“There are subtle, yet powerful, influences in the world, some even claiming to represent Christ, that seek to divide people and nations to accomplish their destructive aims. That which seeks to harden one human heart against another by constructing walls of fear and prejudice is not of God. Be especially alert to these influences, lest they divide you or divert you from the mission to which you are called.”
If we are to accept all baptisms, would we accept a baptism performed by Fred Phelps? Personally, I have not seen anything which could make me believe that he represents Jesus. Are we to accept modes other than immersion, (despite that being the method prescribed by our tradition). Do we accept the baptism of children, which our religious tradition has historically objected to?
I dont believe there is anything wrong with the Community of Christ having its own traditions and beliefs – otherwise the best reason to attend would be because it is the most convenient church to get to.
Perhaps what is needed is a re-visioning of the sacrament, rather than a alteration of it.
I believe that we should approach both Baptism and Confirmation as part of “The Sacrament of Discipleship”.
Think about it in this way, we do not celebrate the sacrament of “weddings”, but of “marriage”. The sacrament goes on for every day of their married life.
The same is true for baptism and confirmation. It is not just that day, but every day after that.
I would hope that if a Christian chose to convert to the Community of Christ, their experience would be one which does not just consist of becoming a member because they attend a lot and being simply “added to the books”, but a commitment to a new life of discipleship. What better way to do this than baptism? They’ve chosen the Community of Christ for a reason, let’s celebrate their decision and celebrate and support them in this path they have chosen, and lets celebrate and support them sacramentally.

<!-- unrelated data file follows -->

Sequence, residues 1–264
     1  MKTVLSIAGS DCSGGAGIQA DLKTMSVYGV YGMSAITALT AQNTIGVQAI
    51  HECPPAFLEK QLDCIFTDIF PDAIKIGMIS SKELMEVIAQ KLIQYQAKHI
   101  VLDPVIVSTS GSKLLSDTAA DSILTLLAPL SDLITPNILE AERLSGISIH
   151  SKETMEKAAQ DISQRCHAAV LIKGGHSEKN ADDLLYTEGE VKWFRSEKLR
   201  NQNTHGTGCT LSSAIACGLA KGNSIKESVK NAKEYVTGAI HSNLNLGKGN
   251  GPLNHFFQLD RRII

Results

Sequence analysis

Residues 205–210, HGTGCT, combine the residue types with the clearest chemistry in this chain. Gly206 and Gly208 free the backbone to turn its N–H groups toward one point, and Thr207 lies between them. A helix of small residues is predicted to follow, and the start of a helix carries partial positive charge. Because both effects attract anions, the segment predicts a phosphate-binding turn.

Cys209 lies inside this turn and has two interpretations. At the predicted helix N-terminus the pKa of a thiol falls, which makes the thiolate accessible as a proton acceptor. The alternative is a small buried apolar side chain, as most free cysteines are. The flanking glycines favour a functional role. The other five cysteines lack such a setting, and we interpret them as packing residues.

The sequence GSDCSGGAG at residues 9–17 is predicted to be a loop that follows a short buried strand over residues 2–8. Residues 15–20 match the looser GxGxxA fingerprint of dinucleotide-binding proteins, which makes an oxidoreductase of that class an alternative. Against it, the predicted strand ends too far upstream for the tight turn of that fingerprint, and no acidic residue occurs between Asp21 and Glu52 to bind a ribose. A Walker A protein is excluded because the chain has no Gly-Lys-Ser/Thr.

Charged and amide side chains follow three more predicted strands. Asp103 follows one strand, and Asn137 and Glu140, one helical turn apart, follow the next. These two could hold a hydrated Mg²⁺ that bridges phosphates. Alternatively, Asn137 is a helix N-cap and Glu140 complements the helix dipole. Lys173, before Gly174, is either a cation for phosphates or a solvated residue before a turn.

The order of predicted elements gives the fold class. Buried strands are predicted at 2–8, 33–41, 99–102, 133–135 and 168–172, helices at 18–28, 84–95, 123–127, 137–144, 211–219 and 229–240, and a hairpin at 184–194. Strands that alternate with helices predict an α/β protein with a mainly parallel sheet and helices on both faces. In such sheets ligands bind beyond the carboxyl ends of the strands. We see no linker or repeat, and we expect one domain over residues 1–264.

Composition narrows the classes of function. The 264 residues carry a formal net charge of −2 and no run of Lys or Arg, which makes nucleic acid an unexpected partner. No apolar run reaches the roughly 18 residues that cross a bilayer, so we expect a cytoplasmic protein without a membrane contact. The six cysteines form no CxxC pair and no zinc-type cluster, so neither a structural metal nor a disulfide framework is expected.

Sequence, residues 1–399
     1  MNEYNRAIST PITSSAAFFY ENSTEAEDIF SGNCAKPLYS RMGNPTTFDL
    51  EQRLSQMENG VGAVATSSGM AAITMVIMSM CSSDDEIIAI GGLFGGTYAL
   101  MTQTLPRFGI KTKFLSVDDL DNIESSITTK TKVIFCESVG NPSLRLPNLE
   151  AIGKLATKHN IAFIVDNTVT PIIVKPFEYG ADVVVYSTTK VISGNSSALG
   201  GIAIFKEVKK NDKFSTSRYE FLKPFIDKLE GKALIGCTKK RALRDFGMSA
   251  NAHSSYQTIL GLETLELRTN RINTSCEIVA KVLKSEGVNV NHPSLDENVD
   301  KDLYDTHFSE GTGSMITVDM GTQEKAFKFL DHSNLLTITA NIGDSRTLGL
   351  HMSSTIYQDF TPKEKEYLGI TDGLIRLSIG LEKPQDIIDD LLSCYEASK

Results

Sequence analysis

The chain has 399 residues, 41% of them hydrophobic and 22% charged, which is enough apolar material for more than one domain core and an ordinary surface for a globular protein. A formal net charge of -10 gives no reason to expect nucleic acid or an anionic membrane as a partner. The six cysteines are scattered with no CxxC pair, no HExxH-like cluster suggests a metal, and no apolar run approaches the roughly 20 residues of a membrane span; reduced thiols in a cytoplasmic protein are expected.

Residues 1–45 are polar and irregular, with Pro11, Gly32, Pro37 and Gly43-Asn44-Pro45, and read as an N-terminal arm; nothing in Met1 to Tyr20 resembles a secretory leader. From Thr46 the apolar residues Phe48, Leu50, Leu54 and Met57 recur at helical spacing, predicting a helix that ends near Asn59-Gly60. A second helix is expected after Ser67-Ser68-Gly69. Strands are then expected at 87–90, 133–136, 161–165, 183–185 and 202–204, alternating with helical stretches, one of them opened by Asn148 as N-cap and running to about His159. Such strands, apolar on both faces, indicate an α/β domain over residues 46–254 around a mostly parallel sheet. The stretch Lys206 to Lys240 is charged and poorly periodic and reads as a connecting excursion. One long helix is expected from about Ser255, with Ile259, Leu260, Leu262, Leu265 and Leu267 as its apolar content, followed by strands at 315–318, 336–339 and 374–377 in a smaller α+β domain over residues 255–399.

Perhaps this is a way that we can better embrace baptism as the beginning of a new path of discipleship, rather than as a formality of membership.
Membership in our church is membership into a fellowship that also includes voting rights and the possibility of becoming a minister.
There is the opportunity for service through not just participation in service organizations in the community but also as a minister in many ways. For example, I write a Minister’s Message for our local newspaper. I also do the Editorial for another newspaper. I am given that privilege because I am a “minister” in the community.
I am an officer in two Ministerial Alliances. This gives me a certain amount of authority in the community that I wouldn’t otherwise have. I do the invocation at City Commission meetings and at County Commission meetings on a rotating basis. I help conduct worship services at a local nursing home.
Because I am a pastor, I am known in the community as a pastor. I have the opportunity to speak and write about the message of Jesus.
I have six friends coming with me to our Peace Colloquy for the third year in a row because they like the feeling of participating in an important recognition.
It is the feeling of “belonging” that people want. They like our mission as well. Most protestant churches require them to be pew sitters while they hear a message of personal salvation. They don’t often get that same kind of fellowship in large protestant churches. They feel “lost in the crowd” and many object to the creeds their churches require allegiance to in order to participate in a fuller way.
In my opinion, we have a special kind of fellowship and certainly a special mission if we participate in it.